I have been obsessed with skincare since I was little. My mother and grandmother have always practiced good skincare routines, in true European tradition. My grandmother had porcelain skin with piercing blue eyes and patted Ponds cold cream on her face nightly. My mother has blue eyes, an olive complexion, tans beautifully, rarely wears sunscreen and swears by Janet Sartin and Pratima Ayurvedic skin care products. She is blessed with insanely protective genes. Under regular circumstances, she should have been shriveled like Gollum from The Lord of the Rings, but instead has beautifully smooth skin.
As for me, I have religiously worn sunscreen since the age of 15. To this day I wear SPF 50 when I leave the house. Additionally, I keep a hat in my car just in case I am exposed to the sun for a prolonged period of time.
Tanning used to be considered déclassé but was elevated to fashionable heights by Chanel. Though today we are aware of the great health risks associated with tanning, a golden glow appears healthy and the rays of sunlight are both comforting and soothing. What irks me are those women of a certain age with leathery skin. The years of tanning have not been kind and the sight of their age spot speckled poitrine makes me squirm in my wheelchair. And there are those women, golfing or playing tennis, with vertical lines etched in their visages, sporting frosted pink lipstick as their finishing touch. WHEW!
This year I decided to go one step further than my usual layering of SPF 5000 and wearing of a big floppy hat the circumference of a golf umbrella. I decided to purchase a parasol. Few American women carry them, but in most Asian cultures they wouldn’t be caught dead without one. Asian women are prone to melasma, which is a condition caused by exposure to sunlight. The sun causes melanin production to go into high gear and causes brown spots to appear on your epidermis. So in order to prevent melasma, they wear tons of sun protection and carry a parasol. If they are not carrying a parasol, they are wearing the newest anti-sun fad, the “Face-kini”, a mask with holes cut out for the nose and mouth which shield the face from the sun.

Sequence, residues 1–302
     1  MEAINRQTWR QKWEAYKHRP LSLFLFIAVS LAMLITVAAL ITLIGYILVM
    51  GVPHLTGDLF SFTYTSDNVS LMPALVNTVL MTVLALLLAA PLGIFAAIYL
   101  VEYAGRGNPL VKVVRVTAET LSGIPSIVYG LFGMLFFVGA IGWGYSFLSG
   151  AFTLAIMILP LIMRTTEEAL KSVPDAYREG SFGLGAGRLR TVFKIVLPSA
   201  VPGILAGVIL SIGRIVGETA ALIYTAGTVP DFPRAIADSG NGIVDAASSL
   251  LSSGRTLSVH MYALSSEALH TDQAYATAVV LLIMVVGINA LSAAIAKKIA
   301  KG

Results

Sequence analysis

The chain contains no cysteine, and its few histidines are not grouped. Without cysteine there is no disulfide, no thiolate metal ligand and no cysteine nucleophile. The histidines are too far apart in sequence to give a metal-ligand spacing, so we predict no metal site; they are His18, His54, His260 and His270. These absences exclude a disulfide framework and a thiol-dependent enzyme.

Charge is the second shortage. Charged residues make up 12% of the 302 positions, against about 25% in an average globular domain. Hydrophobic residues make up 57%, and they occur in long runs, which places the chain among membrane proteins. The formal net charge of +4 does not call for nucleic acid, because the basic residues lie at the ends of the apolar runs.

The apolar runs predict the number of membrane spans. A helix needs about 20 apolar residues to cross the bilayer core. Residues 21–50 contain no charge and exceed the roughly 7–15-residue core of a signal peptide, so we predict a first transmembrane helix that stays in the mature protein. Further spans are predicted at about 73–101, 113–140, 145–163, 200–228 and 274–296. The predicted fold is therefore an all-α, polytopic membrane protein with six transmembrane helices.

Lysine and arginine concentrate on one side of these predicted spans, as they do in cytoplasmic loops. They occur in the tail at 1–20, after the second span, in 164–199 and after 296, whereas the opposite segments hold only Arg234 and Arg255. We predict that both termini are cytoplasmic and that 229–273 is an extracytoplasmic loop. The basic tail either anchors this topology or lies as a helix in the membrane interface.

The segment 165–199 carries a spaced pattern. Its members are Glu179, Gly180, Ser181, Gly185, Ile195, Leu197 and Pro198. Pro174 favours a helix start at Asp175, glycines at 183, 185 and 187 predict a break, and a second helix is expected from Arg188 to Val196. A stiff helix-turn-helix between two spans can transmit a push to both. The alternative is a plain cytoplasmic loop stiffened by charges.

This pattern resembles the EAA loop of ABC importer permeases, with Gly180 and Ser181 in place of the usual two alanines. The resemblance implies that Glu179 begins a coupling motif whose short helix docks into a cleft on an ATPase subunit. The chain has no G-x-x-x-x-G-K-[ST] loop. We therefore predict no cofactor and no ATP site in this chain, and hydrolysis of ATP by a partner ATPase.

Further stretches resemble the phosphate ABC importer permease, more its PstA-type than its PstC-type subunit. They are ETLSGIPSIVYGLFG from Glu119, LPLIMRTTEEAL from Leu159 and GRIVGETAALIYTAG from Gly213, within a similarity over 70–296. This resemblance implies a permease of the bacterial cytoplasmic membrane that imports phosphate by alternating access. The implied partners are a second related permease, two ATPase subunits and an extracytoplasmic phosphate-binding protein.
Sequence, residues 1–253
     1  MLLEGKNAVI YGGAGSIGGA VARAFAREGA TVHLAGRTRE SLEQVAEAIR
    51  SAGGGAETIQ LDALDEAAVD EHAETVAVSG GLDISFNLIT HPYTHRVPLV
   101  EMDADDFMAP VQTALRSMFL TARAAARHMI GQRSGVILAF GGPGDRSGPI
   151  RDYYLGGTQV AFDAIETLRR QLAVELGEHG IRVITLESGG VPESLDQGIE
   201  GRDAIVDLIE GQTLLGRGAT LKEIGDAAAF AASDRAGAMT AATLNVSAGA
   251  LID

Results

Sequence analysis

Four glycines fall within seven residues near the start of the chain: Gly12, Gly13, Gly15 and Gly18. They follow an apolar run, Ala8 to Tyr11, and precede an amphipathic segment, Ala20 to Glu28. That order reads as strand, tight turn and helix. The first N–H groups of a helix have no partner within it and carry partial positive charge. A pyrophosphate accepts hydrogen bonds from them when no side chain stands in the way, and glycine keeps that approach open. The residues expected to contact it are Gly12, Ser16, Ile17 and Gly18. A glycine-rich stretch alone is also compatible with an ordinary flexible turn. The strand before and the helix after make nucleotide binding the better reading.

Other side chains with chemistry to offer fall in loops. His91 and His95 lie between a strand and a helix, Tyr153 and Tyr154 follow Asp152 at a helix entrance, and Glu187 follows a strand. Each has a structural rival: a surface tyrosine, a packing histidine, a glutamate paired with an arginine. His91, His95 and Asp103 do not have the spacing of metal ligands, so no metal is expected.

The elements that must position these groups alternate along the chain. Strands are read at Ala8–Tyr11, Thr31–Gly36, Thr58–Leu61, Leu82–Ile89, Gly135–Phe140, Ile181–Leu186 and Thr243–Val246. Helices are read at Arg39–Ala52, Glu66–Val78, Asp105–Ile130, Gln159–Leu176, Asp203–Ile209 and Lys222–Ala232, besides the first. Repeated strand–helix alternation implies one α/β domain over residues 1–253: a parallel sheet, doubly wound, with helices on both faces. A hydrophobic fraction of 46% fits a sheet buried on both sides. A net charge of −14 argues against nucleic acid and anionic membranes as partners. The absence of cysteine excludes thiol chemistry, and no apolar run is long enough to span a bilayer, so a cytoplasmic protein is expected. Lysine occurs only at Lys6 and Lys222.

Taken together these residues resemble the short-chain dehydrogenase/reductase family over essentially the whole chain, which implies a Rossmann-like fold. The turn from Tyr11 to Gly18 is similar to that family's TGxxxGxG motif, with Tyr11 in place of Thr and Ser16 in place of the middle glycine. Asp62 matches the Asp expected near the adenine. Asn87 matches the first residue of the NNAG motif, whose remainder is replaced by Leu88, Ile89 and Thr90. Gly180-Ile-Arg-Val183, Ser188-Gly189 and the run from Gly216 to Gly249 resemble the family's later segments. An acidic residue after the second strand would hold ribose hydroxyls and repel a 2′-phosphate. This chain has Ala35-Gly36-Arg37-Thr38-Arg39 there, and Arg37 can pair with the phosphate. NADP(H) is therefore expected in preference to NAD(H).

Though you might think the Face-kini and parasol are the ultimate in skin protection, whitening creams are also popular in Asian markets. Asian women prize porcelain skin the way Brazilian women revere sun kissed complexions. I would be an outcast in Brazil if I were ever to visit. I envision being arrested upon arrival in Rio and sent back with my vintage parasol broken in half on the next plane to NY. No pale face allowed on these shores.
As someone who needs to look fashionable all the time, I had to find a parasol that wasn’t generic looking. So when I found this bamboo 1950s inspired one with old Cadillacs silk screened all over it, I went daft.
Mind you, I had to find the appropriate place to carry one. I wasn’t about to bring this to Shop-Rite or CVS, so I decided to promenade through Rye Playland in Rye, NY–Westchester county’s premiere–and only amusement park.
The day was glorious with the sun shining brightly onto the boardwalk and the Long Island Sound. I adore boardwalks and ocean air, so I decided to sit there for awhile with my new pink pompadour hairdo, Prada Scroll (top image) and Ray-Ban sunglasses, peach top from Anthropologie, Lacoste skirt and Miista booties.
Next, I had to snap some photos of the ferris wheel and carousel. Don’t you love rides? Particularly the ferris wheel, of which I have fond memories from high school. My friends and I would throw stuff down from the highest height onto bystanders and then quickly stare off into space. Today’s teens prefer to walk into on coming traffic while busily texting. Ahhh, good ol’ teenage fun!
At the end of the day I couldn’t resist having my fortune read by ZOLTAR. That is one smart cat. What a blessing to be able to sit inside a musty wooden box all day, with screeching kids high on cotton candy smacking the plexi-glass window. People are rapt as they hear their fortunes, reacting as though they just heard the Gospel. Zoltar is wise and gives credible advice, so make sure you pay the $1 it takes to have him read your destiny.
I like my fortune and completely agree with him. Do you?